The entire stud of WPT H-7 2-8-0s were sold off to the Wabash (no relation) in 1910 as their class I. The Baldwin spec shows a firebox area of 192 sq ft, however, while the 1917 diagram (dated January of that year) shows 283 sq ft. The latter number seems unlikely and in fact later Wabash diagrams show total firebox heating surface as 214 sq ft (19.88 sq m), of which 26 sq ft (2.42 sq m) was manifested in four arch tubes. Twelve-inch 305 mm) piston valves supplied saturated steam to the cylinders.

In the 1920s, the Wabash superheated this class; see Locobase 6294.

Principal Dimensions by Steve Llanso of Sweat House Media
ClassG-3/H-10H-10 with syphonsH-3H-4H-5
Locobase ID5427 7874 7887 7888 7891
RailroadWheeling & Lake ErieWheeling & Lake ErieWheeling & Lake ErieWheeling & Lake ErieWheeling & Lake Erie
CountryUSAUSAUSAUSAUSA
Whyte2-8-02-8-02-8-02-8-02-8-0
Number in Class20214315
Road Numbers2401-2420 / 6051-60702401-2420/6051-6070191-204/670-683/3001-3011203-204250-264 / 700-714 / 3551-3565
GaugeStdStdStdStdStd
Number Built20212315
BuilderAlco-SchenectadyW&LEPittsburghPittsburghBurnham, Williams & Co
Year19131925190019021903
Valve GearWalschaertWalschaertStephensonStephensonStephenson
Locomotive Length and Weight
Driver Wheelbase (ft / m)17 / 5.1817 / 5.1815.67 / 4.7815.67 / 4.7815.25 / 4.65
Engine Wheelbase (ft / m)27 / 8.2327 / 8.2323.58 / 7.1923.58 / 7.1924 / 7.32
Ratio of driving wheelbase to overall engine wheebase 0.63 0.63 0.66 0.66 0.64
Overall Wheelbase (engine & tender) (ft / m)62.71 / 19.1162.21 / 18.9653.08 / 16.1852.26 / 15.9352.67 / 16.05
Axle Loading (Maximum Weight per Axle) (lbs / kg)62,100 / 28,16862,100 / 28,168
Weight on Drivers (lbs / kg)236,000 / 107,048244,420 / 110,867132,200 / 59,965146,600 / 66,497161,000 / 73,028
Engine Weight (lbs / kg)266,500 / 120,883274,920 / 124,702148,500 / 67,359167,400 / 75,931185,500 / 84,141
Tender Loaded Weight (lbs / kg)177,300 / 80,422189,300 / 85,86584,500 / 38,32987,600 / 39,735111,800 / 50,712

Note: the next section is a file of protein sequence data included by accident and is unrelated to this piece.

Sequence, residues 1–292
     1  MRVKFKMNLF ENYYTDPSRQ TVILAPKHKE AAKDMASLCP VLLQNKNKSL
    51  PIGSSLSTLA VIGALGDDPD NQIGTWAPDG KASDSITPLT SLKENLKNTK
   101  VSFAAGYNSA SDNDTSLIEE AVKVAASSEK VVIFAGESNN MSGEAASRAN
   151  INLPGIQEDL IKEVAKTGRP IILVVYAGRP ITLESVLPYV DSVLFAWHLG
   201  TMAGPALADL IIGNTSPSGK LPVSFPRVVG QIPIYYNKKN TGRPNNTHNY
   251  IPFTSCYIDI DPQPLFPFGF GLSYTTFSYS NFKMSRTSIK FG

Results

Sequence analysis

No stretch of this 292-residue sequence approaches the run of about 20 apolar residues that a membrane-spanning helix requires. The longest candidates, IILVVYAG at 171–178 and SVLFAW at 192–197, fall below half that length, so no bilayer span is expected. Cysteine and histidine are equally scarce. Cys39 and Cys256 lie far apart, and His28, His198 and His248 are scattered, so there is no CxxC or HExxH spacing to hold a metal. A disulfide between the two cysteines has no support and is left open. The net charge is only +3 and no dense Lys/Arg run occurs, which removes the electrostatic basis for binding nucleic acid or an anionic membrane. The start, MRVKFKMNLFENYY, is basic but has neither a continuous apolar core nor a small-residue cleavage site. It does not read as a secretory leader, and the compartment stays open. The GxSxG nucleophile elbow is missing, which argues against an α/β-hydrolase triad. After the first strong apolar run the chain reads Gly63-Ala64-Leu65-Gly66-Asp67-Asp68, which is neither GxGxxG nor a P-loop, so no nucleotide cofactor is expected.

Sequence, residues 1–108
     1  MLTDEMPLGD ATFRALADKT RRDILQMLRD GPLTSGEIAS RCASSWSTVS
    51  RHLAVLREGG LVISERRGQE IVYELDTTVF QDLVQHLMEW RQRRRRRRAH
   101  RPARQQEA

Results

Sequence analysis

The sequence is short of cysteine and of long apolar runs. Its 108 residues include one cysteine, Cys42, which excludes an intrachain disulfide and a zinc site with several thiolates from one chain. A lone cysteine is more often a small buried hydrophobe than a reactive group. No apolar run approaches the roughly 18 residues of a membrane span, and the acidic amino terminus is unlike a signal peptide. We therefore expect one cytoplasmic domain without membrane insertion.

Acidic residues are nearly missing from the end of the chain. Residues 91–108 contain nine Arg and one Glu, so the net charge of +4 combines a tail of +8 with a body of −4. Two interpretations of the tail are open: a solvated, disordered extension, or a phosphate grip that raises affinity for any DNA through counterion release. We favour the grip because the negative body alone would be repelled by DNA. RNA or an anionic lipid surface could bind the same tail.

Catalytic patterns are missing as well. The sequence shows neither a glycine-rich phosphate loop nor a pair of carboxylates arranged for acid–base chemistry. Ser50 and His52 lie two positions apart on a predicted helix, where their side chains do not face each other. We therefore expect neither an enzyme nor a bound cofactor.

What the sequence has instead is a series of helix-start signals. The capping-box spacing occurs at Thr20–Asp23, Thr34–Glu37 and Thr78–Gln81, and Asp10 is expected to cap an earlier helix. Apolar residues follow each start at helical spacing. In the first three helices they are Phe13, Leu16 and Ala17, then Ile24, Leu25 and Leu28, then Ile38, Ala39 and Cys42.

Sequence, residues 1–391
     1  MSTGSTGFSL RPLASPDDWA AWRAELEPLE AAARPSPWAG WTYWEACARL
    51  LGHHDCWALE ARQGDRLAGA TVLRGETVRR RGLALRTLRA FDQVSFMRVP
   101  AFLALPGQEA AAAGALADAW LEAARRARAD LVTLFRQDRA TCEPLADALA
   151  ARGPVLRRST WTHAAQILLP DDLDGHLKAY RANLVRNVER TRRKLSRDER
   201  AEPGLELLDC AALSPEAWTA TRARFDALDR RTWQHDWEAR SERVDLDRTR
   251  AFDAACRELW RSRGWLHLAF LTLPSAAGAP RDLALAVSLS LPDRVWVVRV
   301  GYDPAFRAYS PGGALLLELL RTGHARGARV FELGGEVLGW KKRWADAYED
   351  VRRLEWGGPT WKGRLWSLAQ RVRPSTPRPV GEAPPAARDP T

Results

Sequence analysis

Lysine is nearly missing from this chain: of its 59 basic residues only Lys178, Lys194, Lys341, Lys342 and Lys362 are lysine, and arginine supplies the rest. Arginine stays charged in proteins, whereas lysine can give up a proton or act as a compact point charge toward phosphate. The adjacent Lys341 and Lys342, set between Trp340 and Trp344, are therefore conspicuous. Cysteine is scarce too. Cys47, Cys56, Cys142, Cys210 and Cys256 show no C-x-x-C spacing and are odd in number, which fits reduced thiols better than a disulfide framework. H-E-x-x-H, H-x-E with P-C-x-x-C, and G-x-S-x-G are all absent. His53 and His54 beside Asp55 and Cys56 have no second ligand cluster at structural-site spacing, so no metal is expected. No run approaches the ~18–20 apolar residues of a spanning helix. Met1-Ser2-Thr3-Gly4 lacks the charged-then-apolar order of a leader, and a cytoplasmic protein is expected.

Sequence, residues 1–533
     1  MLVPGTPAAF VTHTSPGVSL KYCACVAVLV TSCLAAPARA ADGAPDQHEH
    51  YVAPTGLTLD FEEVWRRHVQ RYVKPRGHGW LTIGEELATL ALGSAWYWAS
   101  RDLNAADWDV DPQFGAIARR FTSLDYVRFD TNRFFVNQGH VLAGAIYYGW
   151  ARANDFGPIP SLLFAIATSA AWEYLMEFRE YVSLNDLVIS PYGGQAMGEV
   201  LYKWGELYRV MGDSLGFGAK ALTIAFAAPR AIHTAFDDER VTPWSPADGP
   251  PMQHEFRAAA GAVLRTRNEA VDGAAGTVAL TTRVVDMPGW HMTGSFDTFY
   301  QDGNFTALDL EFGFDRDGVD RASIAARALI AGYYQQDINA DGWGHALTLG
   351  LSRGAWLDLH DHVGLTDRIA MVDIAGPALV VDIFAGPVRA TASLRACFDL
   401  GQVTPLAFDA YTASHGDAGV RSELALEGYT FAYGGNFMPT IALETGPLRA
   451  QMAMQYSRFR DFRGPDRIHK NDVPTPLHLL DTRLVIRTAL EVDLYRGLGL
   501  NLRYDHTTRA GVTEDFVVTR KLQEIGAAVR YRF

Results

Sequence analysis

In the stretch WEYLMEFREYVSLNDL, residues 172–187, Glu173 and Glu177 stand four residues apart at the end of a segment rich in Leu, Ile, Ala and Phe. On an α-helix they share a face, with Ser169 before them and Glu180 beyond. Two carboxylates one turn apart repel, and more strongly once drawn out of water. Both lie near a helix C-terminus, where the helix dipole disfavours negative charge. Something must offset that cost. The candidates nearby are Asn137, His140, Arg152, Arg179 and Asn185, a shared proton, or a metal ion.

Total Engine and Tender Weight (lbs / kg)443,800 / 201,305464,220 / 210,567233,000 / 105,688255,000 / 115,666297,300 / 134,853
Tender Water Capacity (gals / ML)9000 / 34.099000 / 34.094000 / 15.154000 / 15.156000 / 22.73
Tender Fuel Capacity (oil/coal) (gals/tons / ML/MT)15 / 13.6021 / 19.10 8.40 / 7.60 9.30 / 8.5010 / 9.10
Minimum weight of rail (calculated) (lb/yd / kg/m)98 / 49102 / 5155 / 27.5061 / 30.5067 / 33.50
Geometry Relating to Tractive Effort
Driver Diameter (in / mm)57 / 144857 / 144857 / 144857 / 144857 / 1448
Boiler Pressure (psi / kPa)185 / 12.80200 / 13.80165 / 11.40200 / 13.80180 / 12.40
High Pressure Cylinders (dia x stroke) (in / mm)26" x 30" / 660x76226" x 30" / 660x76220" x 28" / 508x71120" x 28" / 508x711 (1)15.5" x 30" / 394x762
Low Pressure Cylinders (dia x stroke) (in / mm)30" x 28" / 762x711 (1)26" x 30" / 660x762
Tractive Effort (lbs / kg)55,948 / 25377.6260,484 / 27435.1127,558 / 12500.1123,126 / 10489.7928,547 / 12948.72
Factor of Adhesion (Weight on Drivers/Tractive Effort) 4.22 4.04 4.80 6.34 5.64
Heating Ability
Firebox Area (sq ft / m2)284.70 / 26.45334.70 / 31.11161 / 14.96159 / 14.77170 / 15.80
Grate Area (sq ft / m2)66.75 / 6.2066.60 / 6.1930.30 / 2.8230.20 / 2.8147 / 4.37
Evaporative Heating Surface (sq ft / m2)3517 / 326.743620 / 336.431832 / 170.262008 / 186.552933 / 272.58
Superheating Surface (sq ft / m2)774 / 71.91776 / 72.12
Combined Heating Surface (sq ft / m2)4291 / 398.654396 / 408.551832 / 170.262008 / 186.552933 / 272.58
Evaporative Heating Surface/Cylinder Volume190.78196.37179.94394.46447.66
Computations Relating to Power Output (More Information)
Robert LeMassena's Power Computation12,34913,320500060408460
Same as above plus superheater percentage14,57215,718500060408460
Same as above but substitute firebox area for grate area62,15078,98926,56531,80030,600
Power L111,35112,654406046503509
Power MT424.15456.55270.82279.71192.20

Principal Dimensions by Steve Llanso of Sweat House Media
ClassH-6aH-6a - superheatedH-6b / G-2H-6cH-7
Locobase ID7892 8324 7893 7894 7898
RailroadWheeling & Lake ErieWheeling & Lake ErieWheeling & Lake ErieWheeling & Lake ErieWheeling & Lake Erie
CountryUSAUSAUSAUSAUSA
Whyte2-8-02-8-02-8-02-8-02-8-0
Number in Class66202010
Road Numbers4151-41564151-41562101-2149 / 4301-43202101-2149 / 4301-43202101-2149 / 3571-3580
GaugeStdStdStdStdStd